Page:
Collision Management June 2017
The June issue of Collision Management is now available online. You can flip through it here, but first, a few words from the Editor-in-Chief of Collision Management, Huw Evans.
Knowledge is Power
Learning fuels development, and development enables success.
There’s no question that training is one of the most vital aspects of the collision repair industry. Without learning, your people cannot grow or reach their full potential.
It takes a combination of both knowledge and skill to allow you to get the most out of something, whether it’s a particular tool or piece of equipment, repair process, taking care of customers or handling claims. And as the industry becomes ever more complex and technology based, good, quality training becomes ever more essential.
Our cover story this issue looks at the investments made by Filco in advanced skills development, including the opening of a dedicated training centre at its recently renovated Montreal headquarters. The new facility features the latest 3D measuring equipment, welding apparatus, not to mention a complete spray booth setup that allows Filco to train collision repair staff under real world conditions as well as help shops select equipment that is most suited to their needs.
Finding and retaining
Moving onto our Special File section, we look to the future, analyzing the current situation regarding apprenticeships and how shops and networks can develop strategies to not only find the next generation of great collision repair professionals but learn how to effectively mentor and support their growth within the industry. We also examine how good education plays a key part in two of the most critical parts of the collision repair process: estimating and pre and post repair scanning.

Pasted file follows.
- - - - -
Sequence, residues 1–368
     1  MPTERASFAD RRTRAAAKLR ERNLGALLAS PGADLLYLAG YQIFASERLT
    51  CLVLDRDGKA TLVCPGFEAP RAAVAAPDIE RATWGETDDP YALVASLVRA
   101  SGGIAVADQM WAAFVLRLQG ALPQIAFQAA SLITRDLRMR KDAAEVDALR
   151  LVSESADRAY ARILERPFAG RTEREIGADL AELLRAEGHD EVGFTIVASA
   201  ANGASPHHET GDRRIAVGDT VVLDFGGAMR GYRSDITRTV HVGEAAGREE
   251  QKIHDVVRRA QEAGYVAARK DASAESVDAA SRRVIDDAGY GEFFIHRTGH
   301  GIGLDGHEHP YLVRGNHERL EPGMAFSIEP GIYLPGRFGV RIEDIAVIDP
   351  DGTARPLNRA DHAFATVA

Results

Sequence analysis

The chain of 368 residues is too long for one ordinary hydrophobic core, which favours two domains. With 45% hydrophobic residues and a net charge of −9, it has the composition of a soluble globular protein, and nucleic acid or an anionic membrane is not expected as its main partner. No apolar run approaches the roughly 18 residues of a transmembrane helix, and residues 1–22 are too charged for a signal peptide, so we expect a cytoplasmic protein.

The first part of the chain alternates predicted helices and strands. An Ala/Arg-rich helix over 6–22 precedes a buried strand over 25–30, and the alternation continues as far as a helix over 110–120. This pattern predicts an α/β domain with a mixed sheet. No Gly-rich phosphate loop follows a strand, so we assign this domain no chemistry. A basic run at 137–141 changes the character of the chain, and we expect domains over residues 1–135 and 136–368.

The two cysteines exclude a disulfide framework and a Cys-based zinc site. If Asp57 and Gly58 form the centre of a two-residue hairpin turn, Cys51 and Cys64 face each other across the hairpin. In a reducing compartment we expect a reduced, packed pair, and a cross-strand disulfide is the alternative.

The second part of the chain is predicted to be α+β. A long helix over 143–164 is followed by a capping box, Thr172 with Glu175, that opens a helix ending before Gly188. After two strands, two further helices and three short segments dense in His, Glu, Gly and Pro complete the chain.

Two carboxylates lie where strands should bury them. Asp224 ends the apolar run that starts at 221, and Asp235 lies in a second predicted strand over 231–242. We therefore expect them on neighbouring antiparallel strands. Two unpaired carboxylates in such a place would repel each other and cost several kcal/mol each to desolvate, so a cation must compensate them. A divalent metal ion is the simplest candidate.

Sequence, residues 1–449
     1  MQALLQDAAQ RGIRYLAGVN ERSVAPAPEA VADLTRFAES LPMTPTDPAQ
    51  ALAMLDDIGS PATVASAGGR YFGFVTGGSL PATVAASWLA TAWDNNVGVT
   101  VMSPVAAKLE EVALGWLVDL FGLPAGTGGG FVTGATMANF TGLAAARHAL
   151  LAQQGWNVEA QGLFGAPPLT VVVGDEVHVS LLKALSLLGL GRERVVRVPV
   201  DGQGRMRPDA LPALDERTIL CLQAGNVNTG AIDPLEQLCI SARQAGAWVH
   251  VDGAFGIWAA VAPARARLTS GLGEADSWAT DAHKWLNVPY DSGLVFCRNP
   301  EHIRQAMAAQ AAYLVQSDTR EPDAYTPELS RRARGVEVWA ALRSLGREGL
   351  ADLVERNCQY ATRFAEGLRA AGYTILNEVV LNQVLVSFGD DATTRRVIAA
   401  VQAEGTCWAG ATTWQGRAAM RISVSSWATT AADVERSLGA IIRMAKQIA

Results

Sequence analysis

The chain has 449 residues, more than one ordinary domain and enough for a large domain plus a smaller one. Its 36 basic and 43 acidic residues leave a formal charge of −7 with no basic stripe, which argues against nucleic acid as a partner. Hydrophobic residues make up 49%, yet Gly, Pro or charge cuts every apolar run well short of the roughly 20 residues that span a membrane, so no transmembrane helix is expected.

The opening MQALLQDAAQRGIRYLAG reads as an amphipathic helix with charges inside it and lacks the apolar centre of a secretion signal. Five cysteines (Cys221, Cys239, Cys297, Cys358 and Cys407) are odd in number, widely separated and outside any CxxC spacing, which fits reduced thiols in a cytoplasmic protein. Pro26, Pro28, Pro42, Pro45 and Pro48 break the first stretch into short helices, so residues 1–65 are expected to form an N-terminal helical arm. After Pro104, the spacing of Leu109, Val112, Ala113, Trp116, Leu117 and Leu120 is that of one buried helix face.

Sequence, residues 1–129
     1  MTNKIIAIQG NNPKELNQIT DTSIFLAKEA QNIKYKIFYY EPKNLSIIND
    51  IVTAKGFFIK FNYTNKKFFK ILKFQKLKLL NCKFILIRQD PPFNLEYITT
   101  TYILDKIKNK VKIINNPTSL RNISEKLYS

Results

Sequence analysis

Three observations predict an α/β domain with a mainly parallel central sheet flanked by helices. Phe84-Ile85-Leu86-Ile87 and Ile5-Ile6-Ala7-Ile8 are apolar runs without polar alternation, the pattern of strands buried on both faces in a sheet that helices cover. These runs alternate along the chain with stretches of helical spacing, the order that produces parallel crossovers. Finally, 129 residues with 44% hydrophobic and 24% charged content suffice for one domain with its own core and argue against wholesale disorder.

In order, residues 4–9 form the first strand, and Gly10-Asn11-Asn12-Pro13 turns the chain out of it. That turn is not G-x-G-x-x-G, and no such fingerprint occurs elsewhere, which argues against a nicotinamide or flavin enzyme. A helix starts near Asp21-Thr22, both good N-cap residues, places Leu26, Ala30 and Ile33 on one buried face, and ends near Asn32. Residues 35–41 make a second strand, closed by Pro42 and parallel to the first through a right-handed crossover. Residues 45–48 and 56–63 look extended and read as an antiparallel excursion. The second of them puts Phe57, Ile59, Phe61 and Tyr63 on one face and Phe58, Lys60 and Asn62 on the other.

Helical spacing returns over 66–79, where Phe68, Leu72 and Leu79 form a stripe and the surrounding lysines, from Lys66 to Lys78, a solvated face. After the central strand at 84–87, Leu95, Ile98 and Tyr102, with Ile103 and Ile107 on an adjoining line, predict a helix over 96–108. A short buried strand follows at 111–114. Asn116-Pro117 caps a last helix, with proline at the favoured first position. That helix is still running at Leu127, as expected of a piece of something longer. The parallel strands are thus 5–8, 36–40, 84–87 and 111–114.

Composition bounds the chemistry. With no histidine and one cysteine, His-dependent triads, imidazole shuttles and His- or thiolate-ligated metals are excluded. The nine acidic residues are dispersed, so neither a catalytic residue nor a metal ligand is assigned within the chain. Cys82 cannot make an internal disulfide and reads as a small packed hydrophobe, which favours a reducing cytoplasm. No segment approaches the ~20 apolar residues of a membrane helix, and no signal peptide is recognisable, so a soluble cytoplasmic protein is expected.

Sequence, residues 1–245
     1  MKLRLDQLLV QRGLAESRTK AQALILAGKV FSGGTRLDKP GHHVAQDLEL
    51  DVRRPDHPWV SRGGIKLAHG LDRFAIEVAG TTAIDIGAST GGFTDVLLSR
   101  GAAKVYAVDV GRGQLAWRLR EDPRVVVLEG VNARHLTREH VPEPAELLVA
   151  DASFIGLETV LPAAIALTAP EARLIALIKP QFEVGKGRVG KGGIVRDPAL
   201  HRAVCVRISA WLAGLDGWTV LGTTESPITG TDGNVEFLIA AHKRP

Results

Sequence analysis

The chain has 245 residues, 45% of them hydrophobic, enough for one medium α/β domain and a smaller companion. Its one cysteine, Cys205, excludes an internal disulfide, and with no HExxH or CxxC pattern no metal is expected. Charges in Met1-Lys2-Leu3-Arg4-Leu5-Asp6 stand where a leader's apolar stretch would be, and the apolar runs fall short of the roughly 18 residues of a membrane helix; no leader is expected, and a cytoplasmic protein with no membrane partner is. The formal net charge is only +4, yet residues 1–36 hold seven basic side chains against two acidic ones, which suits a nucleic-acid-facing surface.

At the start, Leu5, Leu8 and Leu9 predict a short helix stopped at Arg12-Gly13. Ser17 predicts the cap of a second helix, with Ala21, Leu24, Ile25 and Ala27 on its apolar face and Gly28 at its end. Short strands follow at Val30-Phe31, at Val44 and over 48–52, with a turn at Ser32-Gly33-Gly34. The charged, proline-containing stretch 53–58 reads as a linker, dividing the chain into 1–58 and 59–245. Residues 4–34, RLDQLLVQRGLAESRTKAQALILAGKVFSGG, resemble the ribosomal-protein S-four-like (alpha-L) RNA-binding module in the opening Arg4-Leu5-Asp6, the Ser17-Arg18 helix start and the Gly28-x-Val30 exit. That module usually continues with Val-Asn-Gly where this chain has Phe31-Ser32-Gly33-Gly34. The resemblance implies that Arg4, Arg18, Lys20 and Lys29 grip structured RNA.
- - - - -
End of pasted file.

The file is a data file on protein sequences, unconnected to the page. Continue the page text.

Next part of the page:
It may be somewhat of a well-worn cliché, but the fact remains that our sector, not to mention the entire automotive industry, is witnessing its most rapid rate of change since cars were invented. Corporate Average Fuel Economy mandates and safety regulations are the prime drivers behind it, but so are consumer expectations.
I’ve been involved with the collision repair industry for nearly two decades, and within that relatively short timeframe the business has transformed. Today, most shops I visit boast a level of professionalism and expertise that was scarcely imaginable 18 years ago. And while trends and legislative pressure have been part of that, I’d like to think a bigger one has been education and training. It’s something we as an industry should be tremendously proud of.